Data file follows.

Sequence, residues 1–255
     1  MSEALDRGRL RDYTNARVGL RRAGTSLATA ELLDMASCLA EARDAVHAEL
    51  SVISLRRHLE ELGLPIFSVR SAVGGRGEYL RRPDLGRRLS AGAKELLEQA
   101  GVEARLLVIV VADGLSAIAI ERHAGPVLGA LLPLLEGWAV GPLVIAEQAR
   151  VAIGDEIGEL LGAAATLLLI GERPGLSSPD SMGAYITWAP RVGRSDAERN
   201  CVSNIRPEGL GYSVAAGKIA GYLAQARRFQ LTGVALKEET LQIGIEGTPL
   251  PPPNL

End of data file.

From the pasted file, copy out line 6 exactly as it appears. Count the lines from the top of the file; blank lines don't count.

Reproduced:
   201  CVSNIRPEGL GYSVAAGKIA GYLAQARRFQ LTGVALKEET LQIGIEGTPL